Aurorae: The earliest datable observation of the aurora borealis

  title={Aurorae: The earliest datable observation of the aurora borealis},
  author={F. Stephenson and D. Willis and T. Hallinan},
  journal={Astronomy \& Geophysics},
The Late Babylonian astronomical texts, discovered at the site of Babylon (32.5°N, 44.4°E) more than a century ago, contain what is probably the earliest reliable account of the aurora borealis. A clay tablet recording numerous celestial observations made by the official astronomers during the 37th year of King Nebuchadnezzar II (568/567 BC) describes an unusual “red glow” in the sky at night; the exact date of this observation corresponds to the night of 12/13 March in 567 BC. The most likely… Expand

Paper Mentions

The earliest drawings of datable auroras and a two-tail comet from the Syriac Chronicle of Zūqnīn
People have probably been watching the sky since the beginning of human history. Observers in pre-telescopic ages recorded anomalous events and these astronomical records in the historical documentsExpand
An early mid-latitude aurora observed by Rozier (Béziers, 1780)
Abstract. Aurorae Observations are an uncommon phenomenon at low latitudes that, at the end of the 18th century was not well known and understood. Low latitude Aurorae observations provideExpand
An Early Low Latitude Aurora Observed by Rozier (Beziers, 1780)
Aurora observations are an uncommon phenomenon at low and mid latitudes that, at the end of the 18th century, were not well known and understood. Low and mid geomagnetic latitude aurora observationsExpand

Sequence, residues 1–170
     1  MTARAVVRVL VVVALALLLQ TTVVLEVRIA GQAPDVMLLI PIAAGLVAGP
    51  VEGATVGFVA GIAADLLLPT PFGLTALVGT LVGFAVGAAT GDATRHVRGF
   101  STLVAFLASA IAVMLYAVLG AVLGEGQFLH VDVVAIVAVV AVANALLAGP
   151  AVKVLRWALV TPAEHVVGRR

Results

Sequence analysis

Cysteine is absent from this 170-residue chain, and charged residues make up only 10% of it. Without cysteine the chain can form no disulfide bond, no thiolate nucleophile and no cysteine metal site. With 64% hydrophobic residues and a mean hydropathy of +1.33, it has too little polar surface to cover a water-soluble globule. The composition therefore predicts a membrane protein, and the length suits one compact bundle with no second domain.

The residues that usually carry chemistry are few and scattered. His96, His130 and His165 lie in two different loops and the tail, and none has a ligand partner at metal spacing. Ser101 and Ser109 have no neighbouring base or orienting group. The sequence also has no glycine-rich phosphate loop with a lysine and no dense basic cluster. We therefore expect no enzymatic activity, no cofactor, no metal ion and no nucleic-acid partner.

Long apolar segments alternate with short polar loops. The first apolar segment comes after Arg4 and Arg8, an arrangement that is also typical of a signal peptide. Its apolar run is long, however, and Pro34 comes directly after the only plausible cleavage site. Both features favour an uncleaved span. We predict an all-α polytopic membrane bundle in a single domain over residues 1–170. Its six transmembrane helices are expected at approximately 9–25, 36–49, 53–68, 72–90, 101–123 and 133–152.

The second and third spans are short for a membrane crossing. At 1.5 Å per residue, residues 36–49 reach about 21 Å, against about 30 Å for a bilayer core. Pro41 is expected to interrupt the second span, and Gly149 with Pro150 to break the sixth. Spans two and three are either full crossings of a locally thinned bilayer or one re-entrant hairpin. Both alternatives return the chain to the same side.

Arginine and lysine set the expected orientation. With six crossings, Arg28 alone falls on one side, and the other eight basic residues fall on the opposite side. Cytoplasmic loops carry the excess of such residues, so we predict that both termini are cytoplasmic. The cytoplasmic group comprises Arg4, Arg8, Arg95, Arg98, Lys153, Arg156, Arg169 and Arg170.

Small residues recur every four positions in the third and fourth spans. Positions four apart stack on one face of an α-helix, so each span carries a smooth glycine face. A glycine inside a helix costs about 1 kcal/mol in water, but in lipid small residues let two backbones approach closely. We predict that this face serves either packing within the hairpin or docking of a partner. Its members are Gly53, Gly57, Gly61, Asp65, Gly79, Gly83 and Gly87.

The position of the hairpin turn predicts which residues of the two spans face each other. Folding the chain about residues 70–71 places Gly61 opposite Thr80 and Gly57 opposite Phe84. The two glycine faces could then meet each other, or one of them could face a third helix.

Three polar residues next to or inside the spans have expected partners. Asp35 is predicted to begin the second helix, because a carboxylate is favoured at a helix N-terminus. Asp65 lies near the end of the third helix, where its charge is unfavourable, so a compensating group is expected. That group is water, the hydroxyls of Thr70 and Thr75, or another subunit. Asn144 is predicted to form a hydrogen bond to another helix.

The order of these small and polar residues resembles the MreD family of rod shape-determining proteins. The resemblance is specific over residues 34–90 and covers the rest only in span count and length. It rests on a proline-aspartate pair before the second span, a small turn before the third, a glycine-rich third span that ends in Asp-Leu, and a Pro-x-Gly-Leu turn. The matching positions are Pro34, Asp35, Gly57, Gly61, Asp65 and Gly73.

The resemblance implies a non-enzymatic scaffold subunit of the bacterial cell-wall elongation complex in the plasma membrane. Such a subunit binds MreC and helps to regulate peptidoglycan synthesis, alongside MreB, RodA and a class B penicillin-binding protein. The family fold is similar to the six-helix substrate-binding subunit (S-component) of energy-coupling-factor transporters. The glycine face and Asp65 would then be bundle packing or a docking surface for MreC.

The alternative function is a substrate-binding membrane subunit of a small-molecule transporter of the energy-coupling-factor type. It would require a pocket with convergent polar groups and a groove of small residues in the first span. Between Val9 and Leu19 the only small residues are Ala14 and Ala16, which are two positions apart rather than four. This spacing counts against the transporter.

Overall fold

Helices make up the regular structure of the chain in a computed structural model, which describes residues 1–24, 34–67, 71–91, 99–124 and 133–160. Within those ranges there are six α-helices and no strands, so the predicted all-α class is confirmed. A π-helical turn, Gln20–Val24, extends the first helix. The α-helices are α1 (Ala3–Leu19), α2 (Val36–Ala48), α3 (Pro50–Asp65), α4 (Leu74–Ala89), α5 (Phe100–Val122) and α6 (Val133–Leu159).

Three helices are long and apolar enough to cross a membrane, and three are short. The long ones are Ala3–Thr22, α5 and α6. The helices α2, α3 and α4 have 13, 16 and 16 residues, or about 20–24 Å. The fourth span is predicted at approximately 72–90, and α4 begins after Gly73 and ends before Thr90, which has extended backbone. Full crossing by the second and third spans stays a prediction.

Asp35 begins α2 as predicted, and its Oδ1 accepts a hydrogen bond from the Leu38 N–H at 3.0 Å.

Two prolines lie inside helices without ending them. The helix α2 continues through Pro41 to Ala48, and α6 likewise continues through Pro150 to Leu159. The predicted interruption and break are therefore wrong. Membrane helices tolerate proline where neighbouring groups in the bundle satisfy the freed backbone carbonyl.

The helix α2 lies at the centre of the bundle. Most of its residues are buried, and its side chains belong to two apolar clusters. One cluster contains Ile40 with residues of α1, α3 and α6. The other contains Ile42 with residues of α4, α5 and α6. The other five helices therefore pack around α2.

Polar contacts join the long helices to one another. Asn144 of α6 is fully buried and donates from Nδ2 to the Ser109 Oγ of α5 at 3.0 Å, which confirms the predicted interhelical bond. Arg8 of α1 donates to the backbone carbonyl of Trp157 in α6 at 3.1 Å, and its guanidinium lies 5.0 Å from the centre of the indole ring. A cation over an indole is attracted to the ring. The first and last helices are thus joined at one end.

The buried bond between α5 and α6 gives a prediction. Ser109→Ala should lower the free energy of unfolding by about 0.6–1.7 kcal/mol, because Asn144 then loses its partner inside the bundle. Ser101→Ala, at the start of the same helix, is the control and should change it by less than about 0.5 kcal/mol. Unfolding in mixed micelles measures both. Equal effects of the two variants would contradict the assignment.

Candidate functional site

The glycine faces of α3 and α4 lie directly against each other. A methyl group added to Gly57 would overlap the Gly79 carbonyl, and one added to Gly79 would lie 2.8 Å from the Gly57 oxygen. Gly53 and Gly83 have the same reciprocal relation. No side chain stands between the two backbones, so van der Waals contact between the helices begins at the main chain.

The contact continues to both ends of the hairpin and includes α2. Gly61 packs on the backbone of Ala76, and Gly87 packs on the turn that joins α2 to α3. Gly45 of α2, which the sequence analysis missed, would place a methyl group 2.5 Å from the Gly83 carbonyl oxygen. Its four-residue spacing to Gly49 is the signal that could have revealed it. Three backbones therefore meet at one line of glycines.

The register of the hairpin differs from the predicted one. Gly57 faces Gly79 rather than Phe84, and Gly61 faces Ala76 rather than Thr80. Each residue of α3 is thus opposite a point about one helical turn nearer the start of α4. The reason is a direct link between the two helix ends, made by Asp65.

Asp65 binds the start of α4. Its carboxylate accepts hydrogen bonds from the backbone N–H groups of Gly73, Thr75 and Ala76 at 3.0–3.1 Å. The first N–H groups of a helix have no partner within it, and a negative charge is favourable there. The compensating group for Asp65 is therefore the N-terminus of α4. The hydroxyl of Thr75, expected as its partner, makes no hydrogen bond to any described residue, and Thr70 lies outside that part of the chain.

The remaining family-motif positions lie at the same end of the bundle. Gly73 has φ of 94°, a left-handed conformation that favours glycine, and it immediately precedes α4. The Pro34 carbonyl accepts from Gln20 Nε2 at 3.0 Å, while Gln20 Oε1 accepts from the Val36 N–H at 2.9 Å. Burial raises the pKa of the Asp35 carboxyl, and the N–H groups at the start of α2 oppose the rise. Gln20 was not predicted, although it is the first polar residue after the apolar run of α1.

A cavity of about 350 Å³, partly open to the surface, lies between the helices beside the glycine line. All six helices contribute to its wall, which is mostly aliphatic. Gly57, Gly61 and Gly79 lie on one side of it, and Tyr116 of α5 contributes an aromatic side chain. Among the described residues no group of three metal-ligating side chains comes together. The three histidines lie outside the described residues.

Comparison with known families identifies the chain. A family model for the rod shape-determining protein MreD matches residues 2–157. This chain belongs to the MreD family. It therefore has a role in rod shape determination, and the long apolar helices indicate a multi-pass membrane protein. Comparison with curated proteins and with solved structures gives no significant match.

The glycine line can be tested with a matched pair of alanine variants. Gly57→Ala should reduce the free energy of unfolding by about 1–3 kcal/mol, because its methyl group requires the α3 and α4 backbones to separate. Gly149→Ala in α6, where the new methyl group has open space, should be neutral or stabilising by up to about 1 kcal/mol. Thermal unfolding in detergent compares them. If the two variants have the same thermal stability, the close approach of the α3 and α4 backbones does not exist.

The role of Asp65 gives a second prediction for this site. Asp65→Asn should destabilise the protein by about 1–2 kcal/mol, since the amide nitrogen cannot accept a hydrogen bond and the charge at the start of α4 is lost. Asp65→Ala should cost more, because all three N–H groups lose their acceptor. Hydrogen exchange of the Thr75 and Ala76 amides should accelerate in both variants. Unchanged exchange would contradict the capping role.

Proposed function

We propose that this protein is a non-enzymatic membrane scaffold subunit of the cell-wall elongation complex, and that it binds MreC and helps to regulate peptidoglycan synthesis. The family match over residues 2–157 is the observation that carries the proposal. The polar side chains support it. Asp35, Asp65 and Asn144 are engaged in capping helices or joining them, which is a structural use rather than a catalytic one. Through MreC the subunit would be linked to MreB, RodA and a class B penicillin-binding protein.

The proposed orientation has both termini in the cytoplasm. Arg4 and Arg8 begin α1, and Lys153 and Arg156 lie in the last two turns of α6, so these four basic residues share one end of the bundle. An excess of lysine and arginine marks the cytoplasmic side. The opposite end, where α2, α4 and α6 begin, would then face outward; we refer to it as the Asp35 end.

The Earliest Candidates of Auroral Observations in Assyrian Astrological Reports: Insights on Solar Activity around 660 BCE
Auroral records found in historical archives and cosmogenic isotopes found in natural archives have served as sound proxies of coronal mass ejections (CMEs) and solar energetic particles (SEPs),Expand
The Celestial Sign in the Anglo-Saxon Chronicle in the 770s: Insights on Contemporary Solar Activity
The anomalous concentration of radiocarbon in 774/775 attracted intense discussion on its origin, including the possible extreme solar event(s) exceeding any events in observational history.Expand
Historical space weather monitoring of prolonged aurora activities in Japan and in China
Great magnetic storms are recorded as aurora sightings in historical documents. The earliest known example of “prolonged” aurora sightings, with aurora persistent for two or more nights within aExpand
Earliest datable records of aurora-like phenomena in the astronomical diaries from Babylonia
Results of a survey of aurora-like phenomena in ADB, spanning from BCE 652 to BCE 61, have been presented and it is suggested that five records can be considered as likely candidate for aurora observations. Expand
Terrestrial Aurorae and Solar–Terrestrial Relations
Few phenomena have made as much of an impression on human beings as the aurora borealis, also known as the northern lights. The aurora is one of the most spectacular and earliest-known manifestationsExpand
Long-Lasting Extreme Magnetic Storm Activities in 1770 Found in Historical Documents